late 1800s exchange (originally published in Miles, 1897, p. 137) be-
tween General Nelson A. Miles and Jim Bridger. Miles tells Bridger of
the “great trees with limbs and bark all turned to stone” he saw when
visiting what would become Petrified Forest National Park. Bridger re-
sponded “O, that’s peetrifaction. Come with me to Yellowstone next
summer, and I’ll show you peetrifed trees a-growing, with peetrified
birds on ‘em a-signing peetrified songs”. According to Haines (1974),
Bridger’s story may be a rehashing of a story told by fellow mountain
man Moses “Black” Harris in 1823. Nevertheless, the petrified forests
of Yellowstone National Park include numerous upright in situ trees as
well as 27 successive layers of fossil forests as summarized by Santucci
(1998). The volcaniclastic sediments of the early-middle Eocene Sepul-
cher and Lamar River Formations of the Absaroka Volcanic Supergroup
(Smedes and Protska, 1972) preserve these exceptional paleontological
PREHISTORIC AND HISTORIC STRUCTURES
Throughout the National Park Service are literally tens of thou-
sands of prehistoric and historic structures including American Indian
dwellings and structures, visitor centers, lodges, houses, schools, churches,
courthouses, stores, factories and mills, monuments and memorials, tun-
nels and roads, dams, bridges, military facilities and innumerable out-
buildings and other structures. Many of these structures are constructed,
faced or ornamented with natural stone either found locally or imported
from other parts of the country or world. Paleontological resources are
found in some of these limestones, sandstones, or shales, creating unique
occurrences of fossils in at least 19 NPS areas. Six examples of fossils in
association with NPS structures are described below. Prehistoric and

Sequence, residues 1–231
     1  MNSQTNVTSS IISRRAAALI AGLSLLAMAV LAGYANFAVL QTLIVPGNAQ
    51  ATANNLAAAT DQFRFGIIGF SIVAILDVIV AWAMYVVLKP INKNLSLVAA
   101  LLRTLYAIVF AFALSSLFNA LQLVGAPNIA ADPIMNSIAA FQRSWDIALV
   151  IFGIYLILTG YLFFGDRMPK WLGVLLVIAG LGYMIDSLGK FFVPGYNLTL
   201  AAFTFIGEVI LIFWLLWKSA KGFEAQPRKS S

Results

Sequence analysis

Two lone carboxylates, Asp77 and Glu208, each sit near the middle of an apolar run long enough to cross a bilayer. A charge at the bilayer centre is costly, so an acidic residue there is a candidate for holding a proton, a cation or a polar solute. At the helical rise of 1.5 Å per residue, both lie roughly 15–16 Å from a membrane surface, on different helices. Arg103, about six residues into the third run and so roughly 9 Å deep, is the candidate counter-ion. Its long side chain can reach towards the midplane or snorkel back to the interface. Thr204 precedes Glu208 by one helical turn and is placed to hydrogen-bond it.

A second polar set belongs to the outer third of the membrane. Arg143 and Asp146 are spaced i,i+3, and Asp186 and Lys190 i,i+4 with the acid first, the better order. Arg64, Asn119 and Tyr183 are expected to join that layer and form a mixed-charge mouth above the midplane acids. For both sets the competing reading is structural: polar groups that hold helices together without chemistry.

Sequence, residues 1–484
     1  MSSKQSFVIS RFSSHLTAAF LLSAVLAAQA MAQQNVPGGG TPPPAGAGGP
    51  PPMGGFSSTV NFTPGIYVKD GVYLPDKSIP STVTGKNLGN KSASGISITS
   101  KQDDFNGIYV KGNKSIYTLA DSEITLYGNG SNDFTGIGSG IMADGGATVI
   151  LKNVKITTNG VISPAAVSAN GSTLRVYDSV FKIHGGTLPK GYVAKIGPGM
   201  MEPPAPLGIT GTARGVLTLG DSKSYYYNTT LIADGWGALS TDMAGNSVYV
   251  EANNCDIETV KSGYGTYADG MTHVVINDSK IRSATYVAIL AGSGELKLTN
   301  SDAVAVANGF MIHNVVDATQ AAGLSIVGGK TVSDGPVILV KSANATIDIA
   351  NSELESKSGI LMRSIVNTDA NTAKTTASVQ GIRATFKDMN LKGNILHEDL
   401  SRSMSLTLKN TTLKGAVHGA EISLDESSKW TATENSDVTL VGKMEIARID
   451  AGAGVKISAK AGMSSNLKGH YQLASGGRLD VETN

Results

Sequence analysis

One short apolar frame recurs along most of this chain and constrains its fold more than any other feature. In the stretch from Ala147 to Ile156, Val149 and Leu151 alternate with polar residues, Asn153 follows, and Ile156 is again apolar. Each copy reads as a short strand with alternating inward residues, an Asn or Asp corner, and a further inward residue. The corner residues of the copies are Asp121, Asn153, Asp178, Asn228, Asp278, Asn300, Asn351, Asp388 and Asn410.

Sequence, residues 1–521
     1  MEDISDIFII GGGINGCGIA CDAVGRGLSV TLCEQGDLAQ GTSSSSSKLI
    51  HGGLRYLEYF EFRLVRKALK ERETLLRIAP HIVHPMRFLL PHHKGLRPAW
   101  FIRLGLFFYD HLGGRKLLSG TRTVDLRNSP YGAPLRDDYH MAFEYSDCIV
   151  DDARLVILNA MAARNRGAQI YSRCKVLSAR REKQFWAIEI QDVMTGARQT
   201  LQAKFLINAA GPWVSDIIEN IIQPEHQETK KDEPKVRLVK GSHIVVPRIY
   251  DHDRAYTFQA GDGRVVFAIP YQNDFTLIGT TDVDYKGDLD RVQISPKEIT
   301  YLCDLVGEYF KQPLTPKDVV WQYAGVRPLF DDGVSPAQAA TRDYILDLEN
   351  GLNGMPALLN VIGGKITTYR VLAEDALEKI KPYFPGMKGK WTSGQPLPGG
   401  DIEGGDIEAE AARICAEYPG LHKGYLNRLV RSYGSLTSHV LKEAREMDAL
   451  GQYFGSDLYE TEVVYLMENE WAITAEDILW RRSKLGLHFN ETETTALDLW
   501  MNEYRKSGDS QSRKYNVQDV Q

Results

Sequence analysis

historic structures therefore are the most common cultural resource to
display fossils, and likely the most visible to visitors.
Fossil occurrences in these structures may be a result of happen-
stance (e.g., suitable local material happened to be fossiliferous) or by
design (e.g., a particular fossiliferous stone was desired). Fossils in pre-
historic and historic structures include body fossils, petrified wood and
trace fossils as summarized below. Body fossils represent actual physi-
cal morphological elements of the organism such as shells, bones, teeth
and leaves or molds/casts of such parts. For example, limestones, which
can be almost entirely composed of body fossils or fragments of marine
organisms, are commonly used as building stones. Petrified wood is
particularly well suited as a “building stone” due to its aesthetic proper-
ties and durability and is highlighted here. Trace fossils, such as burrows,
tracks/trackways or coprolites, represent evidence of an organism’s ac-
tivity without preserving any part of the actual organism.
Lincoln Memorial and Capitol Reflecting Pool, Washington, D.C.
Located at opposite ends of the National Mall, both the Lincoln
Memorial (interior walls and columns) and Capitol Reflecting Pool (bor-
der stones and steps) were constructed with the extraordinarily fossilif-
erous Mississippian Salem Limestone. This rock is commonly referred
to by the trade name Indiana Limestone. Indiana Limestone is an exten-
sively quarried building stone (Patton and Carr, 1982) utilized in numer-
ous buildings across the United States including the Pentagon, the De-
partment of the Interior building and dozens of other federal buildings in
Washington, D.C. The Empire State Building in New York City is also
constructed with Indiana Limestone. Nearly 190 species have been iden-
tified in the Salem Limestone of Indiana including: foraminifera, sponges,
coral, bryozoans, brachiopods, bivalves, gastropods, cephalopods, os-
tracods, crinoids and fish, all indicative of a shallow water environment
(Cumings et al., 1906). At the Lincoln Memorial and the Capitol Reflect-
ing Pool, fragmented corals, crinoid columnals, bryozoan fronds and
mollusk shells are easily visible. At the Capitol Reflecting Pool, the